A Female Engineering Leader's Guide to Growing Software Teams

When I joined Allstacks in early 2020, there were two key motivators for my decision.

I immediately saw how my teams at former companies could have benefited from the product; the chance to shape software that makes life easier for engineers just like me was compelling. Beyond believing in the product, I saw an opportunity to raise my hand for leadership and become a role model for other female engineers – who often count themselves out of similar positions. 

As a team lead responsible for the development of other engineers, women and men alike, I have found a few sharable learnings over the course of my career that make our work more gratifying, teams more collaborative, and releases more reliable. These are my personal operating principles for growing great software teams and products:

Value diverse perspectives.

Before I pursued computer science, I actually earned degrees in literature. It may seem like a nontraditional route, but I’ve tapped into my background for communication skills that help me collaborate with (and learn from) people in other departments at work. In my experience, the best engineers can appreciate and interface with stakeholders across disciplines and priorities.

Keep the startup spirit alive. 

A growing team is a great thing, but even as an engineering department stabilizes, it’s important to borrow from the best of startup culture to stay nimble, innovative, and connected. Flexibility and adaptability are always celebrated in my team because we know that change is constant, and it comes faster every day. With that should come a bias to action – willingness to solve problems without specific direction. Guided properly, freedom to take initiative can lead to highly collaborative and ingenious solutions. 

Embrace building from the user’s perspective. 

The most popular and usable products are always designed with the user in mind. At Allstacks, I’m in a unique position because I am the typical user for the product my team is building. It’s thrilling to be able to shape the roadmap based on the issues and ideas we identify through our usage. I think that being able to see yourself as the guinea pig for the product is an important exercise in empathy.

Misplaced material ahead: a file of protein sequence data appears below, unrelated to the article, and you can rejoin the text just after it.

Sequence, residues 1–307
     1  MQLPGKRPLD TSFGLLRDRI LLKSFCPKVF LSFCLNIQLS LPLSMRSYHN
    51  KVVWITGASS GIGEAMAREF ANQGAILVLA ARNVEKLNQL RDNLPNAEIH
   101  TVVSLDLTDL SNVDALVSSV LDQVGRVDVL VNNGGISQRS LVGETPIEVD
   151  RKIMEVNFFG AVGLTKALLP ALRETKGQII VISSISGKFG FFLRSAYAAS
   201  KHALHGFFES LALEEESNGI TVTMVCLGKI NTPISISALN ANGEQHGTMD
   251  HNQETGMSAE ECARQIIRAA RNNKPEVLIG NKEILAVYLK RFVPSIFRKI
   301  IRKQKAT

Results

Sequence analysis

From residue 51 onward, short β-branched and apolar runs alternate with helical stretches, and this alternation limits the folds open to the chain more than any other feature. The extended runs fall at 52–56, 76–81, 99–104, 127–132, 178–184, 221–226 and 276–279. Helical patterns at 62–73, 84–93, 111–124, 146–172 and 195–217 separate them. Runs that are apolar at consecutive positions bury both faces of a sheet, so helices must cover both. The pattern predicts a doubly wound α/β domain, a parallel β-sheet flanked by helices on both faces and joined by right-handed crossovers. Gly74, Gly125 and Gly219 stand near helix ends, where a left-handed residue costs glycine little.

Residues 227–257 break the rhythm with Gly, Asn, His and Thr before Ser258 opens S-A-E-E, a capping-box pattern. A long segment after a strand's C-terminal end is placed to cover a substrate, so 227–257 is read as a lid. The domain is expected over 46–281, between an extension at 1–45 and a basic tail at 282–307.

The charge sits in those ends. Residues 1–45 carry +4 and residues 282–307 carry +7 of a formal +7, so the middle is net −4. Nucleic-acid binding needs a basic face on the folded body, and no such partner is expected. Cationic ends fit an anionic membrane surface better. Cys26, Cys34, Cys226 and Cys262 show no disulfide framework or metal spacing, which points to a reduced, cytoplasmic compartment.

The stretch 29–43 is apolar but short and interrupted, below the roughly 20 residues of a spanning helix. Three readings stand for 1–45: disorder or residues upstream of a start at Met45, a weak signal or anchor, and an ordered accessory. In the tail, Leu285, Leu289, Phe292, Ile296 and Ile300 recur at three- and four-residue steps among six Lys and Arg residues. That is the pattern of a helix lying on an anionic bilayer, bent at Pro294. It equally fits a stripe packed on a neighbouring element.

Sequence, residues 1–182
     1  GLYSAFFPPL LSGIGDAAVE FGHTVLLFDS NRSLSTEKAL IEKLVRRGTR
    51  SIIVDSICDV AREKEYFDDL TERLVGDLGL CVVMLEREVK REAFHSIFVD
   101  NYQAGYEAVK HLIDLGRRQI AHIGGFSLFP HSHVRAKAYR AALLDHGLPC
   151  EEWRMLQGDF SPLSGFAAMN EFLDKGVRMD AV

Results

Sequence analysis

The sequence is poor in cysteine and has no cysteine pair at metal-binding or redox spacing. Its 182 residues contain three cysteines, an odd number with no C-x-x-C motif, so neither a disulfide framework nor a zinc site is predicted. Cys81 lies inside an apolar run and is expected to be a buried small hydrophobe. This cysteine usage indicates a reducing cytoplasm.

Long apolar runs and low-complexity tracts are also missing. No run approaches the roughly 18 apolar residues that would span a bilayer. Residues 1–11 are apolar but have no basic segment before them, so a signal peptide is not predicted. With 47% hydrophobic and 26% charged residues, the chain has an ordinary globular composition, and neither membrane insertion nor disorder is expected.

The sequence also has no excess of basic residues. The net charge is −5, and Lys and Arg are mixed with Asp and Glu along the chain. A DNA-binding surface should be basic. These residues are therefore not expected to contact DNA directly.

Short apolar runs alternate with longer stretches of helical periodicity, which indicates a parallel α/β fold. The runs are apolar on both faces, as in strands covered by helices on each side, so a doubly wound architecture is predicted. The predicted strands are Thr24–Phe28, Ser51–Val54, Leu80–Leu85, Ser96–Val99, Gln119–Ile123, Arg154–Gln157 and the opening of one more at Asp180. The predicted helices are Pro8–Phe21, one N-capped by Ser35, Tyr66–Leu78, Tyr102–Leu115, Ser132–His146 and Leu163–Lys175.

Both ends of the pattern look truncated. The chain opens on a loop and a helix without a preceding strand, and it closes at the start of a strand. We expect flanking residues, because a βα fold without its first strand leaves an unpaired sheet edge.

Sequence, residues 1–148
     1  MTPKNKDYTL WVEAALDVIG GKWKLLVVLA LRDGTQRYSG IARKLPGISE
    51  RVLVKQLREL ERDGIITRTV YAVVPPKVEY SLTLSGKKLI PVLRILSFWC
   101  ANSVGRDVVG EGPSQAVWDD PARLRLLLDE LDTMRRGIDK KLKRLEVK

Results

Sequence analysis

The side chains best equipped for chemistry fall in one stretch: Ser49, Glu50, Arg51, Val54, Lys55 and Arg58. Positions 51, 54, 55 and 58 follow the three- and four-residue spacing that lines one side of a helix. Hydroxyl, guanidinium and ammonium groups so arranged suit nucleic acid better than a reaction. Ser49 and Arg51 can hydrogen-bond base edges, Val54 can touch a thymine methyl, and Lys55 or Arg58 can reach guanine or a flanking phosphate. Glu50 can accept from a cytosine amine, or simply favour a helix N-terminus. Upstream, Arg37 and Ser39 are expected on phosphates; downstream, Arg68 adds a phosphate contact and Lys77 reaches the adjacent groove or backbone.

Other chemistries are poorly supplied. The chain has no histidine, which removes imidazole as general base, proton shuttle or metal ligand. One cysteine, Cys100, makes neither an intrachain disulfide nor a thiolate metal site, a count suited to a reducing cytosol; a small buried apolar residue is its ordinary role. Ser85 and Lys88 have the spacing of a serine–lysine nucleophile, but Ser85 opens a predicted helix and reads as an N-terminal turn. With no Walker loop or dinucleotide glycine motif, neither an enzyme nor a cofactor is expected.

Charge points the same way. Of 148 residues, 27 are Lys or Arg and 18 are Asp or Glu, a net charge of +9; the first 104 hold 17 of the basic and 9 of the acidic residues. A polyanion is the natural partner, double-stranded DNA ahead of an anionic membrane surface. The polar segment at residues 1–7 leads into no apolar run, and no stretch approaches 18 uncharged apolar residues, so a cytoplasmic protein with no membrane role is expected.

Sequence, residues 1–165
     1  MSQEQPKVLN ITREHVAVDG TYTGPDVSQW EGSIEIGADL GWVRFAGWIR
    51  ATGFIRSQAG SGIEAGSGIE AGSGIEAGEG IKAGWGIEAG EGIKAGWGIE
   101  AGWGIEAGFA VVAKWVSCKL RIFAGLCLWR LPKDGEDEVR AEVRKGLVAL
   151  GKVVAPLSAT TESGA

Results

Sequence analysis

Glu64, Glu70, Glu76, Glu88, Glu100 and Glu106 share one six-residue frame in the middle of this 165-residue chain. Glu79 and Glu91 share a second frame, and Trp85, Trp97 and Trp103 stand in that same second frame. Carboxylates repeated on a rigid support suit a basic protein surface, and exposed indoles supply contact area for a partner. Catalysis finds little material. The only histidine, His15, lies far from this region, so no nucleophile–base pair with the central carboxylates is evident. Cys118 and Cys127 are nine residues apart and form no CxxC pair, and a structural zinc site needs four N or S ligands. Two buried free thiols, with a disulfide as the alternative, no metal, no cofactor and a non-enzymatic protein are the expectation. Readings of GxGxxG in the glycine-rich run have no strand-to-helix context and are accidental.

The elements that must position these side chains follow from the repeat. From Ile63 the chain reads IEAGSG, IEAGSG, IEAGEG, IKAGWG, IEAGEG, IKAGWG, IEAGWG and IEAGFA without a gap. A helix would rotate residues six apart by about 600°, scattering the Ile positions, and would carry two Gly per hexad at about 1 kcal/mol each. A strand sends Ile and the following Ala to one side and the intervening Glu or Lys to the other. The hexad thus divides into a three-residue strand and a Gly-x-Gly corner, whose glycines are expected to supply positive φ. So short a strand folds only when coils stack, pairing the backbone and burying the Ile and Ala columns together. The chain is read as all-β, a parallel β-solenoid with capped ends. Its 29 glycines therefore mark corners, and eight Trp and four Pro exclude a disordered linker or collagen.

View yourself as your only competitor. 

A rule I live by is, “Strive to be a better version of yourself each day.” Teams that share this value are cooperative instead of competitive because you can only compare yourself to yesterday’s you– not your teammate. This philosophy has kept me from getting stagnant, encouraged me to stay curious, and pushed me to be a better person. 

Have fun, make better products.

It’s important to keep jokes alive, exchange all the memes, and laugh together – even as your team grows rapidly. A cheerful work environment can boost productivity, and it must be met with support for your team’s life outside work. One of the most impressive things our founder showed me when I interviewed was the Active Hours metric from the product that shows when teams are working. That report showed that no one works outside the 8 am-5 pm workday. I’m also a fan of the Slack-integrated Team Sentiment metric that tells me how my team is feeling, in case they need a breather, pep talk, or mental health check-in. 

Align on what’s realistic. 

As I’ve seen many times now, growing teams need ways to communicate clearly and achieve transparency between teams. Luckily, I’m able to use Allstacks in-house, so I can easily see milestones and progress across the front end and back end. Having a reliable signal for when a feature can be delivered (or why it might be delayed) is crucial for maintaining alignment and trust across departments.  

If you want to experience these principles in action, and you’re excited to build complex things with greater purpose, we hope to hear from you as we add to our engineering team! 

- Lisa 

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